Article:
EDITORIAL, Philippine Daily Inquirer /October 15, 2021
It was a scene “too hard to watch,” recalled Bobby Dumayag, Jr., whose now-viral video showed Cagayan farmers desperately chasing sacks of corn being carried away by floodwaters at the height of Severe Tropical Storm “Maring” on Monday. When the embattled farmers didn’t heed his warning about the dangerous currents, the 19-year-old working student decided to help them salvage their harvest rather than see their loans for fertilizer and seeds go down the dain. But it was too late. Dumayag said that only 20 out of 450 sacks of corn were saved.
In Baguio, rescuers dug out the bodies of a family of three whose house was buried in a landslide caused by Maring’s torrential rains. Earlier, three siblings aged 2, 6, and 8 perished on the way to the hospital after their house similarly collapsed under a mudslide in Benguet.
Per the latest reports, Maring left at least 19 confirmed dead, mostly from Ilocos Sur, Pangasinan, and Palawan; 13 are still missing. Some 50,000 families and 194,677 individuals were affected. Total agricultural loss is placed at P1 billion, with P29.4 million in the Cordilleras alone and P32 million in Cagayan, while infrastructure losses stand at P66 million. Agriculture officials said some 29,000 farmers and fisherfolk were affected. At least 109 houses in Central Luzon, Mimaropa, Caraga, and the Cordillera Administrative Region (CAR) were damaged. Fourteen incidents of landslides were reported, affecting at least 237 barangays mostly in the Ilocos region and CAR.
It’s been a double whammy as well for Batanes, which is currently in the grip of a COVID-19 surge, even as it is still recovering from the devastation wrought by Typhoon “Kiko” in September.
Weather reports said Maring dumped 625 mm of water in Baguio over 24 hours, much more than the calamitous Typhoon “Ondoy” in 2009, whose 455 mm of rain in as many hours marooned Metro Manila in murky floodwaters for days.
Live TV news footage documented the dire situation in northern Luzon, with entire households huddled on rooftops, bridges buckling under the pressure of rivers overflowing their banks, roads left unpassable by landslides and rising floods, and strawberry farms and rice and corn fields now underwater.
News of Maring’s devastation came as a surprise to many. There were no extraordinary warnings from the weather bureau and the National Disaster Risk Reduction and Management Council (NDRRMC), and no mention at all of the calamity unfolding as President Duterte gave a public address on Monday night. It was only through social media—the desperate posts of people in the battered areas and Vice President Leni Robredo’s tweets around 1 a.m. Tuesday morning appealing for help and providing updates—that most people got alerted about the disastrous floods sweeping across the country’s northern provinces. Was the government caught flatfooted by Maring, and was the NDRRMC remiss in warning provinces about the intensity of the howler?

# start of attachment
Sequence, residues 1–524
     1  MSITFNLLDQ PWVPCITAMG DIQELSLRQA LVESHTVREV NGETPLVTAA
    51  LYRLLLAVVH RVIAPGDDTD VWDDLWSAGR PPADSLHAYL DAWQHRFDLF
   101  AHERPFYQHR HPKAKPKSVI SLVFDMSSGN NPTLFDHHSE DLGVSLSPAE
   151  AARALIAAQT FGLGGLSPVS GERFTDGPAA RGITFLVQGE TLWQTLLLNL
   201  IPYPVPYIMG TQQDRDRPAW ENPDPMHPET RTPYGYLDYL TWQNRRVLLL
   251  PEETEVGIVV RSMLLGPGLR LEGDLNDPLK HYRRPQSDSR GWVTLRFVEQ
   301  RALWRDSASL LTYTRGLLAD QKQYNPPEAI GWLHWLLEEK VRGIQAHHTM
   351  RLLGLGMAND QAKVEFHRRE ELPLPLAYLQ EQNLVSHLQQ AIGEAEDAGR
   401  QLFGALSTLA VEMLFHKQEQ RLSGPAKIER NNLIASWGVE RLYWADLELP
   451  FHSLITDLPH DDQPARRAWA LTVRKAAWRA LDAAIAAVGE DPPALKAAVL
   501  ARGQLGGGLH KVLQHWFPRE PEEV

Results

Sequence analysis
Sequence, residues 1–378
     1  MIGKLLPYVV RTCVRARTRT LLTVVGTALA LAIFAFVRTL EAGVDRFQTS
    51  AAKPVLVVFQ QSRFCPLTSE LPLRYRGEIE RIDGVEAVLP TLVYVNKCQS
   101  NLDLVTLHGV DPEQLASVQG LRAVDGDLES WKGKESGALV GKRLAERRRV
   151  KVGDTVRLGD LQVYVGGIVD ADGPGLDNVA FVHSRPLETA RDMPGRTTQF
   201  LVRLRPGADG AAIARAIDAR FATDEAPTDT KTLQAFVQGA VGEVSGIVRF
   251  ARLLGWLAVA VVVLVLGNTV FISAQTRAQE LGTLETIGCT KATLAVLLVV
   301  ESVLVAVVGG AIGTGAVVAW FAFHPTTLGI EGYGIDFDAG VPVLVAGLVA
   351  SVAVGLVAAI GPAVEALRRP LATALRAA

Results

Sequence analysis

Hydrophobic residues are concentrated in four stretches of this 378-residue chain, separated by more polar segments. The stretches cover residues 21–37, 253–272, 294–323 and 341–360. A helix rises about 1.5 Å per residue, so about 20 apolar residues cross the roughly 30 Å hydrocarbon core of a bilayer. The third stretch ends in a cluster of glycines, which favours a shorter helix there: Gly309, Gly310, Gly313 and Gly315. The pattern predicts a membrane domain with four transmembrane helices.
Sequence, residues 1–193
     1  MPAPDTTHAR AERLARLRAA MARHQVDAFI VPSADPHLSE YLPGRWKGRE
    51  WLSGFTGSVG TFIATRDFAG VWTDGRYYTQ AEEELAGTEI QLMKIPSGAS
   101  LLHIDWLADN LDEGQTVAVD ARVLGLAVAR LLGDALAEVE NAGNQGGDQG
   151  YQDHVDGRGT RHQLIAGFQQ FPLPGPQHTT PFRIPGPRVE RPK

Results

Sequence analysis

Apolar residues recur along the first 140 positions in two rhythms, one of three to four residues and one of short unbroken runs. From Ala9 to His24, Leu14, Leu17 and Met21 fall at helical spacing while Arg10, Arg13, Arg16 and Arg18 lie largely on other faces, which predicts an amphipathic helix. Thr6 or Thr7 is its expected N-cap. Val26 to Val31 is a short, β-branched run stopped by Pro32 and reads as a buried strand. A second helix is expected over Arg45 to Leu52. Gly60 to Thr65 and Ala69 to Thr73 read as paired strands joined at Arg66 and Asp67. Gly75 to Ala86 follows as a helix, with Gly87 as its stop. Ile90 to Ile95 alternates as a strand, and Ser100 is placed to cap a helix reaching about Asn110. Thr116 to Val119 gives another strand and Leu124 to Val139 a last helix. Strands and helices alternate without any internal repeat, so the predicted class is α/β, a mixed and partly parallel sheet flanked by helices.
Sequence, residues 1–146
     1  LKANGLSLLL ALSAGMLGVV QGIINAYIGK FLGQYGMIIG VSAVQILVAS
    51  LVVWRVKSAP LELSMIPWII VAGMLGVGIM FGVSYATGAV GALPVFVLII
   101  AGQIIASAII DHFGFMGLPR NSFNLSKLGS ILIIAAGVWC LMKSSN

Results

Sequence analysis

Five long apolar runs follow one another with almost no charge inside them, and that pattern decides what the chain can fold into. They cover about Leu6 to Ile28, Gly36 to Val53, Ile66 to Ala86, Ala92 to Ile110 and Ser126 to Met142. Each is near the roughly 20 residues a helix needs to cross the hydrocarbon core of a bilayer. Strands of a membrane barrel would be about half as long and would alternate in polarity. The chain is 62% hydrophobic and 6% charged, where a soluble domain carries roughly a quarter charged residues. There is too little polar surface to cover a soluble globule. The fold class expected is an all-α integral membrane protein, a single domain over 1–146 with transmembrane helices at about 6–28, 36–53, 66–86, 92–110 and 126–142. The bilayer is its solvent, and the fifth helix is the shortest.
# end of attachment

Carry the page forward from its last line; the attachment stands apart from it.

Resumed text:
For sure, some local government units (LGUs) and national agencies have been quick in their response to the disaster. Families were immediately ferried to evacuation sites, with the elderly and infirm riding the backs of Coast Guard personnel. The NDRRMC said some P700,000 worth of assistance have been provided the Ilocos region and CAR, mostly through food packs, hygiene kits, and cash aid. The Department of Agriculture said it has similarly set aside P172 million in rehabilitation funds for the affected farmers and fisherfolk, while Malacañang said it had deployed rescue personnel from the Armed Forces of the Philippines, the Coast Guard, the police, and the Bureau of Fire Protection and had allocated a P128-million fund to the social welfare department and P219-million worth of food packs to be distributed among 373,737 families.
But a more comprehensive solution to the perennial flooding that afflicts the region is clearly warranted. In November 2020, Cagayan was also inundated by massive floods brought on by Typhoon “Ulysses.” A study by the global management consulting firm McKinsey & Company, noted that “the climate hazards the (Asian) region faces in the future, from heat waves to flooding, are likely to be more severe, more intense, or both.” Countries in Asia must ensure that climate risk is incorporated in the urban planning and capital decisions of policymakers, the study said.
The North needs all the help it can get at this time, and national agencies, LGUs, and especially government officials preoccupied with election activities are called upon to channel their efforts, personnel, relief goods, rescue vehicles, and other available resources to the affected provinces.
Ordinary citizens can do their bit as well by donating goods and volunteering to help in the relief efforts. Among the relief channels are Unicef, the Inquirer Foundation, the Ateneo de Manila University, University of the Philippines’ IskoOps, ARMY Bayanihan, Innabuyog Gabriela Youth, BTS Army Cavite Fanbase, BLACKPINKFUNDS_PH, and Project Pay It Forward.